Question:

Greetings,

With the general election just around the corner here in Malaysia, many issues are being used as fodder including the issue on the use of the Arabic word for God in Malay translation of the Bible being used among native congregations. While this is not prohibited by any existing laws, the same issue is being used by some right-wing nationalist groups to fan hatred for Christians. The same people allege that the word in the translated Bible will then be used to confuse and subsequently proselytize the majority Malay-Muslim populace, a crime under the Malaysian civil law.

Equally unhelpful to the situation are calls by church leaders to continue using the word "Allah" instead of alternative translations to refer to God; citing our constitutional right to do so. I can't help but find that quite [rightly or wrongly] hardline. I understood from your article here and elsewhere that these words are not the same.

With regards to this matter and also in a general sense, how far are Christians to push or fight for their rights to do something simply because it is their "rights"?


I've read your response to the question "Why don't Muslim believing governments allow their people to break Islamic law?" you've highlighted the need for people to not do as they please (Romans 13:1-5) but also to know God's words take precedence if there's a conflict (Acts 4:18-19).

Do you have any suggestions to how one should respond when asked "Why don't Christians obey the law prohibiting the sharing of the gospel?" without sounding too much like the religious fanatic who says he obeys a more supreme law and does things in the name of God.

Thank you for taking the time to read and for all your articles on the web site.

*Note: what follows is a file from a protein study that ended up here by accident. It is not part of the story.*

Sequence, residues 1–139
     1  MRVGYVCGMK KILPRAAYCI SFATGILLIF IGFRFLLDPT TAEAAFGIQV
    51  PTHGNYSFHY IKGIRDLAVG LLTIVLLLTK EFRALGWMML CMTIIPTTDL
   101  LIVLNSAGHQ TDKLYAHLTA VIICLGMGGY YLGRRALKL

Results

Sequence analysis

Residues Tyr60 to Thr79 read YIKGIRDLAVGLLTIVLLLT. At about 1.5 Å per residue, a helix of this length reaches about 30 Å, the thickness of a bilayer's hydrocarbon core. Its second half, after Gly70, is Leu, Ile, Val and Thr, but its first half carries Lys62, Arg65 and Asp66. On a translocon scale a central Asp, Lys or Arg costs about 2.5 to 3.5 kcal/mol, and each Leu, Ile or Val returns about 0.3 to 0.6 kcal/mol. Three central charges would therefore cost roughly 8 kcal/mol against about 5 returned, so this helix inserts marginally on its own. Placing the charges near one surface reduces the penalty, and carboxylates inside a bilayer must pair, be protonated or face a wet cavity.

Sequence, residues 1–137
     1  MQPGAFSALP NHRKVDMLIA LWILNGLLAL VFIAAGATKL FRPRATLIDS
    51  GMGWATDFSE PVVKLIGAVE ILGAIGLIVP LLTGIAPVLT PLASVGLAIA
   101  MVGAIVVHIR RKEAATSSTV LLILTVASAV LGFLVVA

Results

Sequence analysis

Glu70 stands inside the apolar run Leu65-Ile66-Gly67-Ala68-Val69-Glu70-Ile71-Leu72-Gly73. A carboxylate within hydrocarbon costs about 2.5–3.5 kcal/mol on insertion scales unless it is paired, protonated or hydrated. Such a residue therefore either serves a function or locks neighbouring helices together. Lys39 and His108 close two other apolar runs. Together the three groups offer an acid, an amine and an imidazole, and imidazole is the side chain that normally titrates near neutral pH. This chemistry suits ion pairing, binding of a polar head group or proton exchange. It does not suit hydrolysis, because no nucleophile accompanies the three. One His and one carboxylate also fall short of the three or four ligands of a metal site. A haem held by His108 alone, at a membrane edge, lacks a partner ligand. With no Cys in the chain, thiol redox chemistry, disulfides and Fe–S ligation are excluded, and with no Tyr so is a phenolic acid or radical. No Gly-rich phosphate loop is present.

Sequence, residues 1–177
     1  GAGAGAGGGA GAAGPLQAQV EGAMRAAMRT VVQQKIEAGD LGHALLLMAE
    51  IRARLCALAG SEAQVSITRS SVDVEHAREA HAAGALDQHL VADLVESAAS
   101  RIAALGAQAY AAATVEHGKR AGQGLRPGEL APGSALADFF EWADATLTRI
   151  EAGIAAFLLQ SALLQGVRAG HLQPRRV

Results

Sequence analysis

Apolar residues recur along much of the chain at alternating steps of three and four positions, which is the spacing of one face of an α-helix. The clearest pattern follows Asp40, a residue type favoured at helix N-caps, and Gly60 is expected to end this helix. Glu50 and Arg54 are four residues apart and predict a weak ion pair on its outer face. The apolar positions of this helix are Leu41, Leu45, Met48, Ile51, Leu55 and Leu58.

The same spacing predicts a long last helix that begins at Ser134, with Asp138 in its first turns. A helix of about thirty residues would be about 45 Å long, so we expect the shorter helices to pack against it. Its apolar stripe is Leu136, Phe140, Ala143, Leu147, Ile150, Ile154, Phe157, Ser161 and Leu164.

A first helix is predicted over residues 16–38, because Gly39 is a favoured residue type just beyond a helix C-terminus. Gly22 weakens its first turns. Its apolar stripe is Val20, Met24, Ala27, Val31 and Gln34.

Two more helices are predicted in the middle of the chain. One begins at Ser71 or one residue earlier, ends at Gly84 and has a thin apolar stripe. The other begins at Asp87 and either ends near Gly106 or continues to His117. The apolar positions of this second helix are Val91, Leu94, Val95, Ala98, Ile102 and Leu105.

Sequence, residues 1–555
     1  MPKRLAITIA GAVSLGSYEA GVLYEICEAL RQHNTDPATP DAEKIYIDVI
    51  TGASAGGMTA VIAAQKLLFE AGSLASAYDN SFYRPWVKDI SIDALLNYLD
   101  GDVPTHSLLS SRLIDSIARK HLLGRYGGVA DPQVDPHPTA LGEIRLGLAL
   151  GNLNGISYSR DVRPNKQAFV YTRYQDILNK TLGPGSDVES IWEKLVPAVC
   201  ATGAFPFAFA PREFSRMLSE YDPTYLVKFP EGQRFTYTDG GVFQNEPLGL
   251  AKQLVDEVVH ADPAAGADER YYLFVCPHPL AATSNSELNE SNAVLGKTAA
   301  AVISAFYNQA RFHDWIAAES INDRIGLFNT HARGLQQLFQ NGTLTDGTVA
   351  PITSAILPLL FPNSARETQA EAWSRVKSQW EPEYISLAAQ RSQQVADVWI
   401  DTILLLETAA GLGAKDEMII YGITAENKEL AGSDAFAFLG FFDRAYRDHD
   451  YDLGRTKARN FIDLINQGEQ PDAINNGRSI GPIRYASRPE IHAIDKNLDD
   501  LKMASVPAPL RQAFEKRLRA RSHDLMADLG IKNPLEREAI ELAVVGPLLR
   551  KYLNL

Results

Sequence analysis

Answer:

The answer given by Peter when the apostles were told by the government to stop teaching about Jesus is still the appropriate response. "Whether it is right in the sight of God to listen to you more than to God, you judge. For we cannot but speak the things which we have seen and heard" (Acts 4:19-20). Peter also said, "We ought to obey God rather than men" (Acts 5:29).

If Christians speak calmly and reasonably before others, pointing out they do not fear discussing their religion openly with others, then it may shame those who oppose the teaching of Christianity. "For I am not ashamed of the gospel of Christ, for it is the power of God to salvation for everyone who believes, for the Jew first and also for the Greek" (Romans 1:16). The fact that Muslim based governments have to enact laws stating that it is illegal to convert Muslims is a simple admission that Isalm is in a weaker position. It has to use force and threats to keep people from making up their own minds about what is true.

"Allah" is the Arabic word for God, just as "Elohim" is the Hebrew word for God. From what I understand "Allah" was the name given to a moon god thousands of years ago. Whether there is a more generic term for God still in Arabic, I do not know. I could not find what the Malaysian word for God is, but I assume that Arabic is not the native language of Malaysia. Cultures will absorb words from other languages and make them a part of their own. Perhaps that is what happened with "Allah." Thus, if "Allah" is the Malaysian word for God, then that is what needs to be used. If these people are only using "Allah" because it is what the Muslims use, then they doing so for the wrong reason. Allah of Islam is not the God of the Bible.

Got it! Thank you!